Heralded as the first modern philosopher of the 17th century and popularly misattributed as the father of philosophy, René Descartes has long been credited with his work in challenging medieval knowledge — which centered around faith and the propagation of religious doctrine — and reconstructing the modern self through his “Meditations on First Philosophy,” or “Meditations.” This ancient Latin text explores the existence of god, the immortality of the soul and the very belief in knowledge. In his quest to realize certain knowledge, the French philosopher discovers a single indubitable truth: Cogito ergo sum. I think, therefore I am. This famous line comes from Descartes’ state of skepticism in the beginning of “Meditations,” where he insists that all of his beliefs are uncertain. Skepticism is a philosophical theory of knowledge in which everything is subjected to doubt. After all, if something can be distrusted, it cannot serve as a secure foundation for knowledge. However, by this reasoning, Descartes discovered that even in doubting his own existence, he is thinking. Thus, it must follow that he most certainly exists. He uses this singularly certain truth to doubt the existence, and thus influence, of one’s environment by furthering his claim that we are entirely our minds and not our bodies.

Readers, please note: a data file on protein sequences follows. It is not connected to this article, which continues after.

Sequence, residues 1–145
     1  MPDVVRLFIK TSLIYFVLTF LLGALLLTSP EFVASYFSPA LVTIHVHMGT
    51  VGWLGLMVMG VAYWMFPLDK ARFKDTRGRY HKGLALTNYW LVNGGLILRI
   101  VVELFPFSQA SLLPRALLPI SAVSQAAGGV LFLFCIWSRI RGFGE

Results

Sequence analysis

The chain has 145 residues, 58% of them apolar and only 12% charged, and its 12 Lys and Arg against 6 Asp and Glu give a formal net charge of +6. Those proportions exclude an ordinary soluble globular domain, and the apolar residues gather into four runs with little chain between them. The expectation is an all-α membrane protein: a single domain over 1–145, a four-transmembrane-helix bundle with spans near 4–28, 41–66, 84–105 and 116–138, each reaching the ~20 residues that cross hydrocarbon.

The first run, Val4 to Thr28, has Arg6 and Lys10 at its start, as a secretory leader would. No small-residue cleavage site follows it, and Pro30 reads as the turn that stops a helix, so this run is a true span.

Take that how you will, but many contemporary thinkers find this mind-body dualism to be removed from true lived experience and its influence on the notion of self. After all, not everyone has the privilege to sit in front of a fireplace — eyes shut — and contemplate their existence to formulate their identity like Descartes did when writing “Meditations.” As disconcerting a thought it may be for our white Father of Philosophy, some identities are almost entirely indoctrinated by external environments and experiences. Some knowledge of self derives entirely from others, and as much as I hate to admit it, that starts with names.